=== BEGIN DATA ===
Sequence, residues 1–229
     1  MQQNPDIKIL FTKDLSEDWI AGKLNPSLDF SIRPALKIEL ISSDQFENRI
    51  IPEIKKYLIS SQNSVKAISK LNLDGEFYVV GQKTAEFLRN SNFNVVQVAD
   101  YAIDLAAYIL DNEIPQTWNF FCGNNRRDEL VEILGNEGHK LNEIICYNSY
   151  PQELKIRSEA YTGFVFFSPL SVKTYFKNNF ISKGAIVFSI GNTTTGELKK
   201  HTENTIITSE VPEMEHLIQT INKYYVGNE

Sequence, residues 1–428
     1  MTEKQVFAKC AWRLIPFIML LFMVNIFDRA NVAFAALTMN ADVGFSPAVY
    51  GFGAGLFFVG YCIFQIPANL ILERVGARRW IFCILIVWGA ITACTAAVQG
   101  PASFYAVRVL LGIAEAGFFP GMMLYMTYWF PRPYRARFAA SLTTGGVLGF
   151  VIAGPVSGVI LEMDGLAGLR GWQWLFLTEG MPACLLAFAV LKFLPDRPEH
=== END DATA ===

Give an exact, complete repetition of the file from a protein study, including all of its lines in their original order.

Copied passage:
Sequence, residues 1–229
     1  MQQNPDIKIL FTKDLSEDWI AGKLNPSLDF SIRPALKIEL ISSDQFENRI
    51  IPEIKKYLIS SQNSVKAISK LNLDGEFYVV GQKTAEFLRN SNFNVVQVAD
   101  YAIDLAAYIL DNEIPQTWNF FCGNNRRDEL VEILGNEGHK LNEIICYNSY
   151  PQELKIRSEA YTGFVFFSPL SVKTYFKNNF ISKGAIVFSI GNTTTGELKK
   201  HTENTIITSE VPEMEHLIQT INKYYVGNE

Sequence, residues 1–428
     1  MTEKQVFAKC AWRLIPFIML LFMVNIFDRA NVAFAALTMN ADVGFSPAVY
    51  GFGAGLFFVG YCIFQIPANL ILERVGARRW IFCILIVWGA ITACTAAVQG
   101  PASFYAVRVL LGIAEAGFFP GMMLYMTYWF PRPYRARFAA SLTTGGVLGF
   151  VIAGPVSGVI LEMDGLAGLR GWQWLFLTEG MPACLLAFAV LKFLPDRPEH